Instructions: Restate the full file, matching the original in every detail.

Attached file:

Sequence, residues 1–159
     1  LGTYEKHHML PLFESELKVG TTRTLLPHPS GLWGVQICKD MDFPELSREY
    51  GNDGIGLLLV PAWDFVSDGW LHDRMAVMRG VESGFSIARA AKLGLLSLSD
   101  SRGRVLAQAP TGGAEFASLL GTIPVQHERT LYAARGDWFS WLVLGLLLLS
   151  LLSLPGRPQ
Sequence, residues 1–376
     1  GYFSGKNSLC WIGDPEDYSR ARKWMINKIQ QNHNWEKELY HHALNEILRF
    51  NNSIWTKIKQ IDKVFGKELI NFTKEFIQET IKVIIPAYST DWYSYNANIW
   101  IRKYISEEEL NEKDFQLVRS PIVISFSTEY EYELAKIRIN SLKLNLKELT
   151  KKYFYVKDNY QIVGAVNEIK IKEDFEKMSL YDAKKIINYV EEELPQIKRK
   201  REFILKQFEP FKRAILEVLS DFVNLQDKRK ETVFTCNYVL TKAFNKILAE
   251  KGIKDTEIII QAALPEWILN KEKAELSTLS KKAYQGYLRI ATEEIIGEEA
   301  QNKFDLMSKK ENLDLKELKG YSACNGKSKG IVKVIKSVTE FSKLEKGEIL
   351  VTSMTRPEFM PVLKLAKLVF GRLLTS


Sequence, residues 1–159
     1  LGTYEKHHML PLFESELKVG TTRTLLPHPS GLWGVQICKD MDFPELSREY
    51  GNDGIGLLLV PAWDFVSDGW LHDRMAVMRG VESGFSIARA AKLGLLSLSD
   101  SRGRVLAQAP TGGAEFASLL GTIPVQHERT LYAARGDWFS WLVLGLLLLS
   151  LLSLPGRPQ
Sequence, residues 1–376
     1  GYFSGKNSLC WIGDPEDYSR ARKWMINKIQ QNHNWEKELY HHALNEILRF
    51  NNSIWTKIKQ IDKVFGKELI NFTKEFIQET IKVIIPAYST DWYSYNANIW
   101  IRKYISEEEL NEKDFQLVRS PIVISFSTEY EYELAKIRIN SLKLNLKELT
   151  KKYFYVKDNY QIVGAVNEIK IKEDFEKMSL YDAKKIINYV EEELPQIKRK
   201  REFILKQFEP FKRAILEVLS DFVNLQDKRK ETVFTCNYVL TKAFNKILAE
   251  KGIKDTEIII QAALPEWILN KEKAELSTLS KKAYQGYLRI ATEEIIGEEA
   301  QNKFDLMSKK ENLDLKELKG YSACNGKSKG IVKVIKSVTE FSKLEKGEIL
   351  VTSMTRPEFM PVLKLAKLVF GRLLTS